Referring to incidents of insobriety following the June 1850 Waterloo fete the Hampshire Telegraph (11) also accused Emanuel of hypocrisy when he supported licences for beer stalls on Southsea Common:- "He who was so very much shocked by the immorality of the Free Market Fare, when in front of his own house, or perhaps incommoded by the sale of cheap Birmingham watches, has not found the same arguments apply against beer shops open all night on the beach because in this last case there is personal consideration."
The next week the Portsmouth Times sprang to Emanuel's defence in an item headed, 'Dastardly Attack' the paper commented of him, "A sterling character, one who thinks for himself and says what he thinks..."
Whatever, in 1857, his contribution to civic life was noted when a public dinner was given in his honour at which he was presented with a piece of commemorative silver plate. Among numerous other public works he is credited with securing the ground for the building of a People's Park later named Victoria Park. He also promoted the extension of the railway from Portsmouth Town to Portsmouth Harbour.
At the meeting Emanuel's name was proposed by Alderman H. Ford who said that no man had done more for the Borough in the last twenty years than Alderman Emanuel. The nomination was seconded by Alderman Sheppard. There was but one dissenting voice - that of Cllr Howell who always found something to object about. Upon election Emanuel made the declaration prescribed for members of the Hebrew persuasion and assumed the robe and chain. In his speech he referred to his original election in 1841. He noted that four years later the Law was passed which allowed him freely to take his seat. He assured the meeting that both his head and heart would ever be ready to promote the best interests of the Borough.' The Portsmouth Times approved of this selection and commented:- (13)
"It is true that attempts have been made to turn the Council chamber into a political arena but happily the moderation and good sense of each party has prevented such a dire result . . . Under the present regime the selection of the Municipal Chief is invariably made with due regard to the personal fitness of the man proposed. The duties of the Mayoral Office have always been onerous but since the introduction of the Local Government Act they have vastly increased. We are glad however that a gentlemen was found who will, we are convinced, use his utmost exertion to discharge his duties with credit to himself and advantage to the Borough."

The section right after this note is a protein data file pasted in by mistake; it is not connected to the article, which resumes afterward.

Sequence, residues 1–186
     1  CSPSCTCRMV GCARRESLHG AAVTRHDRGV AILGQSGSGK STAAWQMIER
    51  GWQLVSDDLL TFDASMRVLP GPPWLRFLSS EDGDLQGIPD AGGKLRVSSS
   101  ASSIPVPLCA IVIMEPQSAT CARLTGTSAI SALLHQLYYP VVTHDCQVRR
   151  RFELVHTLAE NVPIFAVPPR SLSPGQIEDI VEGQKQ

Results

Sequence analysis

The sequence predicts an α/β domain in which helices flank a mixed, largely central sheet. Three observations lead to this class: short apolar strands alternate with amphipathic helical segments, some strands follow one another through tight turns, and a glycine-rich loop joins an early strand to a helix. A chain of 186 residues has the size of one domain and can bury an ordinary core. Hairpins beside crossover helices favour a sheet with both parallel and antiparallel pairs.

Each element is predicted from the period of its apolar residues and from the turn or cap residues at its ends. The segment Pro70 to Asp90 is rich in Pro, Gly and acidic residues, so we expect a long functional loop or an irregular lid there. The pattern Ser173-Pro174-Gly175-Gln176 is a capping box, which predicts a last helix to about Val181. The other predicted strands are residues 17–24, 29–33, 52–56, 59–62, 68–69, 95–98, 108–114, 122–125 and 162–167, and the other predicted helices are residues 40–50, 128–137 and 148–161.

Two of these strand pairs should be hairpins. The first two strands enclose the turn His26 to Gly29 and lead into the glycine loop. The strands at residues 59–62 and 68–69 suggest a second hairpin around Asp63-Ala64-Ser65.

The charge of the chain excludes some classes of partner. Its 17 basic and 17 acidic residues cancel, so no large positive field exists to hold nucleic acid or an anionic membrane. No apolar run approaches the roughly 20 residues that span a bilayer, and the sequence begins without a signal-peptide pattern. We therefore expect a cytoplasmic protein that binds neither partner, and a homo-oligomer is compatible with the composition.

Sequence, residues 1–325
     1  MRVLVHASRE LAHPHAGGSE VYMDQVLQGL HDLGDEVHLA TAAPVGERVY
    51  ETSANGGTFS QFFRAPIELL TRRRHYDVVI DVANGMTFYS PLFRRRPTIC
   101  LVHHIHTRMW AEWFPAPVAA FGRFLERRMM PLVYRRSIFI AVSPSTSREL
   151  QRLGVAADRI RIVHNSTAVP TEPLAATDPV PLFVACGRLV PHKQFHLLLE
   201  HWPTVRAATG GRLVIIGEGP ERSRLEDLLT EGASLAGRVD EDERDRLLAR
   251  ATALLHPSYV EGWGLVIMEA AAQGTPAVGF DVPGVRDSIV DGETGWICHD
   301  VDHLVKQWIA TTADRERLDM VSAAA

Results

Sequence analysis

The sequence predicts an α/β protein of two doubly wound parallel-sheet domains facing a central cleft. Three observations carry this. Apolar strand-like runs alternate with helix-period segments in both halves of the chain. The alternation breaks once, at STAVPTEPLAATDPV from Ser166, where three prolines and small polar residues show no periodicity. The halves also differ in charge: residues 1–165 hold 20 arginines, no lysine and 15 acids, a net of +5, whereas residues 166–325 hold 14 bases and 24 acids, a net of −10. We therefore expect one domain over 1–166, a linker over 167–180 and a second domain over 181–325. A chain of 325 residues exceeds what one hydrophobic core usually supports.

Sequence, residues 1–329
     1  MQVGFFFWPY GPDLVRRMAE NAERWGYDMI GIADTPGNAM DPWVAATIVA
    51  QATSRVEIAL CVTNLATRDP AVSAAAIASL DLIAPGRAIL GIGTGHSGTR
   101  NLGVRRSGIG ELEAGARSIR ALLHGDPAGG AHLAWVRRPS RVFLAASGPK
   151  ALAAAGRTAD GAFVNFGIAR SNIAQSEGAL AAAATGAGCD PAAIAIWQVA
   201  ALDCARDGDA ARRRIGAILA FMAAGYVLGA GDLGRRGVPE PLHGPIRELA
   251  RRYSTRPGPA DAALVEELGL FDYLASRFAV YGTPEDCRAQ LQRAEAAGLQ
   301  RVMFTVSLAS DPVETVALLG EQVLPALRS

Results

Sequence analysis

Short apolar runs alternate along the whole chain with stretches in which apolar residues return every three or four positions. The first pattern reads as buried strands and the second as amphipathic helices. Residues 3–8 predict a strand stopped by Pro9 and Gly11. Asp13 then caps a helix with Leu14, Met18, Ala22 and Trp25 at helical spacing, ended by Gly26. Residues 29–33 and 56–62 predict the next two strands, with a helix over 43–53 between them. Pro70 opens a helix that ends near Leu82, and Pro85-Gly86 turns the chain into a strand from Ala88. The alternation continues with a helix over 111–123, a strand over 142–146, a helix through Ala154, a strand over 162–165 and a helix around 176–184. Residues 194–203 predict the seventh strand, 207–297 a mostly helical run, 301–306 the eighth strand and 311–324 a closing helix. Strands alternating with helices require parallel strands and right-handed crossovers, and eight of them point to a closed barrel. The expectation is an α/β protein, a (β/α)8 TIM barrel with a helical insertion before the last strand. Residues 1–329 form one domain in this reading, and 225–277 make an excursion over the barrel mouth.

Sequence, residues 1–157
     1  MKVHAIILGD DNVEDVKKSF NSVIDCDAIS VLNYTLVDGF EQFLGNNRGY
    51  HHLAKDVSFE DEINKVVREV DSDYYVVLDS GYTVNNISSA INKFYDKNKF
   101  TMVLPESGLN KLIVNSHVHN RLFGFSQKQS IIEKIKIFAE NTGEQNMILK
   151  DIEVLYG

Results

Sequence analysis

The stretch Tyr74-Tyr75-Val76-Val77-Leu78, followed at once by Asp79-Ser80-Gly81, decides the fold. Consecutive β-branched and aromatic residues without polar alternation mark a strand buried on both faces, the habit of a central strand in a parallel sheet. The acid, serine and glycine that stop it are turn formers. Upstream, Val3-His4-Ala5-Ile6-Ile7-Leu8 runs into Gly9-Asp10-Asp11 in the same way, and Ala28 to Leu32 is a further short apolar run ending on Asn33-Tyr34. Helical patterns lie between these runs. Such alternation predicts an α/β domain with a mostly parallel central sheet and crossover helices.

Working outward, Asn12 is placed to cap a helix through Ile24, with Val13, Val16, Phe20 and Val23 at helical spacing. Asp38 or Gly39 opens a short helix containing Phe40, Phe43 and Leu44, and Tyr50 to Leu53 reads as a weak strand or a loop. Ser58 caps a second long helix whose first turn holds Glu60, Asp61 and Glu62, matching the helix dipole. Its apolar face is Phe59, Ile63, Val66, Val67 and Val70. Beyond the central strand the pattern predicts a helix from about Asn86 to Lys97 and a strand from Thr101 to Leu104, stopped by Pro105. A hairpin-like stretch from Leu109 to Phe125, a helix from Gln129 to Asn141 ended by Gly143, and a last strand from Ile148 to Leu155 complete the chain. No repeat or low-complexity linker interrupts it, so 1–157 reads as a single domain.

Nationally 1867 was the year in which the second Reform Act was passed. Locally, perhaps the high spot of his mayoral year was the naval review, held on July 17th 1867, to mark visit of the Sultan of Turkey. Sadly the year ended on a sour note for Emanuel. Each year the Council elected four committees:- The Watch Committee; The Financial Committee; The Camber Docks Committee and the General Purposes Committee. Of these the most prestigious was the Watch Committee it having exclusive authority over the police. This committee consisted of twelve members (including the mayor) nine of whom were aldermen. This was virtually a self perpetuating group. Each year they would all vote for each other.
It was customary for the retiring mayor to be automatically elected to this committee. However, on this occasion Emanuel was out voted - 24 to 23 - by Cllr Anderson who had only been on the council for a few years. By way of compensation Emanuel was proposed for the Finance Committee. This position he declined saying that a gross insult had been offered to him as ex mayor. The Hampshire Telegraph, (14) suggested that Emanuel's exclusion was the result of a nefarious plot by the Freemasons. This accusation was strenuously denied in the columns of the Portsmouth Times by numerous letters from members of the Craft. (15) However, from this date Emanuel took little active interest in civic work. His health declined albeit he remained a member of the council until his death.
In private life he was married to Miss Julia Moss daughter of Barrow Moss of Plymouth by whom he had four sons and two daughters.
Norman Gordon
1. Obituaries Hampshire Telegraph, 5th January 1889. Hants Post 4th January 1889.
2. Hampshire Telegraph, 29th March 1841.
3. Hampshire Telegraph, 5th April 1841.
4. Times 1st April & 4th & 12 June 1841.
5. PCR CM/1/2.
6. Times 11th March 1844.
7. Times 18th, 21st & 22nd July 1845.
8. Hampshire Telegraph, 24th October 1825.
9. Hampshire Telegraph, 16th June 1849.
10. Hampshire Telegraph, 3rd Nov 1849.
11. Hampshire Telegraph, 10th August 1850 page 5.
12. Portsmouth Times 10th November 1866.
13. Portsmouth Times ibid. page 4 col 'a'
14. Hampshire Telegraph, November 13th 1867.
15. Portsmouth Times 16th November 1867. See also Portsmouth Papers No 35. 'Portsmouth Free Mart Fair - The Last Phase 1800-1847.'
Ditto. 34. 'The Battle of Southsea.'
Ditto. 41. Portsmouth's Jewry.
'History of Jews in England.' by Cecil Roth, Clarendon Press. 1978.